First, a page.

Conversely, when you’re at the mercy of some mysterious, shape-shifting algorithm that’s updated between 400 and 500 times a year, there’s no telling what the thousands of monthly dollars you’re spending will lead to—scary, huh?


Sure, you might strike digital oil, but there’s a good chance you’re left with an empty wallet, too.

3) PPC Isn’t Going Anywhere—Like, Ever

By the time you read this post, there’s a chance things have changed, but when I first sat down to put all of my thoughts onto paper, this is what Google’s autocomplete function immediately spat back at me when I typed in, “Google is …”


Pretty wild stuff, right?

And before you take to the comments section to demand my head on a silver platter, please know now that I don’t think SEO is dying—it’s just extremely unpredictable. So, though all is well in Zion as of 2016, who’s to say that the field doesn’t fall flat on its face in five years’ time?

We simply have no real way of knowing …

PPC, on the other hand?

Not a chance—it’s here for the long haul. Think about it—Google is a publicly traded company. Because of this, even Google is very much responsible for pleasing its shareholders—this means a steady uptick in annual profits.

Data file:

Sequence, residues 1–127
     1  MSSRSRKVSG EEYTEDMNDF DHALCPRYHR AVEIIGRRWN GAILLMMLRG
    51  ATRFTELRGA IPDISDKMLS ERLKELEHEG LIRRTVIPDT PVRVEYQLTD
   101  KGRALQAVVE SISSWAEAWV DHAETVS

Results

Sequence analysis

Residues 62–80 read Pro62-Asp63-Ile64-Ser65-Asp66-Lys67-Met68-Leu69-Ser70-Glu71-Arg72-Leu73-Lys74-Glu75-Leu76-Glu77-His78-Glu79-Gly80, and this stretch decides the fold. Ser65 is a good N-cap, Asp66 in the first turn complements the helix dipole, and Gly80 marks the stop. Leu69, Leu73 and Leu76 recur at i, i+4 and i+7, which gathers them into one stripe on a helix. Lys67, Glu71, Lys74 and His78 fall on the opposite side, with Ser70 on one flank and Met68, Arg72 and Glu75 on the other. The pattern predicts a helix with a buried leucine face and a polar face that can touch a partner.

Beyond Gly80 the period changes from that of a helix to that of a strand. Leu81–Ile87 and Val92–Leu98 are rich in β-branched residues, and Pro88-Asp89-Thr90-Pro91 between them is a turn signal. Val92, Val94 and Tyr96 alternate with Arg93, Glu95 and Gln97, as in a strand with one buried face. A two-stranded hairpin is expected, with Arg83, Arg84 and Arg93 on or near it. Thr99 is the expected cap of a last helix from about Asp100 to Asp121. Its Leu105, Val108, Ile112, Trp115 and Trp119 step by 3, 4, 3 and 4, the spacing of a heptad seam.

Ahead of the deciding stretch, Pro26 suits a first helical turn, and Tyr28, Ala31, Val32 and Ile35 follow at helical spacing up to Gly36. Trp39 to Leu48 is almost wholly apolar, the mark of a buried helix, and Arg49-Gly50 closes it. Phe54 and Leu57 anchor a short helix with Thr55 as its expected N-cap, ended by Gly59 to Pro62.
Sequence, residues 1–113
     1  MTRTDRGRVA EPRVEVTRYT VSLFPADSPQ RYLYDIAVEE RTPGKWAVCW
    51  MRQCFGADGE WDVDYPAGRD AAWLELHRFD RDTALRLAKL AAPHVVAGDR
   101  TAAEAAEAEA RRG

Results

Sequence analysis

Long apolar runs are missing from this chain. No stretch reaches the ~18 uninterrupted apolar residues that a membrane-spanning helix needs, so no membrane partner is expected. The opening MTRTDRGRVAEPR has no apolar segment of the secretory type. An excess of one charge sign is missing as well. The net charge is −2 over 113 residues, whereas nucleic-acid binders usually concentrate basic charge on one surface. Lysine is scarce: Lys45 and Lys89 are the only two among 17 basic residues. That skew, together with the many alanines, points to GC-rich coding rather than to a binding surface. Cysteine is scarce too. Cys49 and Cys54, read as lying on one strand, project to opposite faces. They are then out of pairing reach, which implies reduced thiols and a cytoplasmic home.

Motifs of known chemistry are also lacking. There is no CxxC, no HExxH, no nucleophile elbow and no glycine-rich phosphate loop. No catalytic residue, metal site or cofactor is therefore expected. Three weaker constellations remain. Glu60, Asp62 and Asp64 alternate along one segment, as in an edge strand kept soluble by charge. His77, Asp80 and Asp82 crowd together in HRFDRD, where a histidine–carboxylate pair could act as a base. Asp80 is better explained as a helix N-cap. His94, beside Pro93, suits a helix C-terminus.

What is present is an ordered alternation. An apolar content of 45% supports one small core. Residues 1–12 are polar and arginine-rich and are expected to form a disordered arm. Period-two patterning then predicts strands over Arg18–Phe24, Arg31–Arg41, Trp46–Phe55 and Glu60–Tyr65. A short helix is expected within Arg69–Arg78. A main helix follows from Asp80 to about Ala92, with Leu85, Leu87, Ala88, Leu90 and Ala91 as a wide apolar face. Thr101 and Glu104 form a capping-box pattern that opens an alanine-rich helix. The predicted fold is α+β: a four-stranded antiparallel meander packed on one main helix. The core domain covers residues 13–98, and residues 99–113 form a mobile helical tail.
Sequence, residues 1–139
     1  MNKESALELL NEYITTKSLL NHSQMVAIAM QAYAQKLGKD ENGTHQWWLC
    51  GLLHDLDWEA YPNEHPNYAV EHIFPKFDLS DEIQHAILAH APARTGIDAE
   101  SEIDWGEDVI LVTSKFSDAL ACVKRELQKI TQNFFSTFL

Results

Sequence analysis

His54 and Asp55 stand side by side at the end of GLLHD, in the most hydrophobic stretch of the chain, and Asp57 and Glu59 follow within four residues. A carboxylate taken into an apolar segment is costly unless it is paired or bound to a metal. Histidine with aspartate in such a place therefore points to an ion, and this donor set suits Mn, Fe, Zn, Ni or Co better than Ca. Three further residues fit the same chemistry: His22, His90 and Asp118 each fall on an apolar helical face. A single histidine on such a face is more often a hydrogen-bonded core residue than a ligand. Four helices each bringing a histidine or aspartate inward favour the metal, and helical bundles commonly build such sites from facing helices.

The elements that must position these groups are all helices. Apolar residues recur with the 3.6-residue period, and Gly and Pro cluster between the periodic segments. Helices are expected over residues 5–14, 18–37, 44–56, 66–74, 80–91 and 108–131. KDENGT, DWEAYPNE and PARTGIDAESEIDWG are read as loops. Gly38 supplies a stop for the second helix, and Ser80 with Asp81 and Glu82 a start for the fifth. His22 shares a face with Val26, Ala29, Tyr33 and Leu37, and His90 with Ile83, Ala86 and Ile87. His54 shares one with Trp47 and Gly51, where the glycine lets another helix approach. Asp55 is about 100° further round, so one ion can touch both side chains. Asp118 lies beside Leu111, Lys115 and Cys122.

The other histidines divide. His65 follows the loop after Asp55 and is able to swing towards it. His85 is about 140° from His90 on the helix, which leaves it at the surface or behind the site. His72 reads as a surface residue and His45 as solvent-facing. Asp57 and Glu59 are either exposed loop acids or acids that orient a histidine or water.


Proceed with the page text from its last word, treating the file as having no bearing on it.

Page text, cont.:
At the end of Google’s first quarter in 2015, the company had brought in an astonishing $17.3 billion in revenue—up 12 percent from the year prior. That’s all fine and dandy, but the most interesting tidbit? 15.5 billion of those dollars came straight from advertising sales.


Put the calculator away. I’ve got you covered—that’s nearly 90 percent of its quarterly revenue.

Needless to say, while the future of SEO is unclear, one this is for certain—for Google to continue its bid for complete global dominance, Adwords is only going to improve.

The Truth of the Matter

Wrapping things up, let’s close with a question—is SEO an inherently evil practice?

Not in the slightest.

Heck, take a look at DigiMar’s various service offerings, and you’ll see that I’m serious with my response. Still, having spent the better part of my life either growing businesses or helping others do the same, immediate, proven results are what matter most.

Step aside, SEO—in our very digital day and age, PPC is king.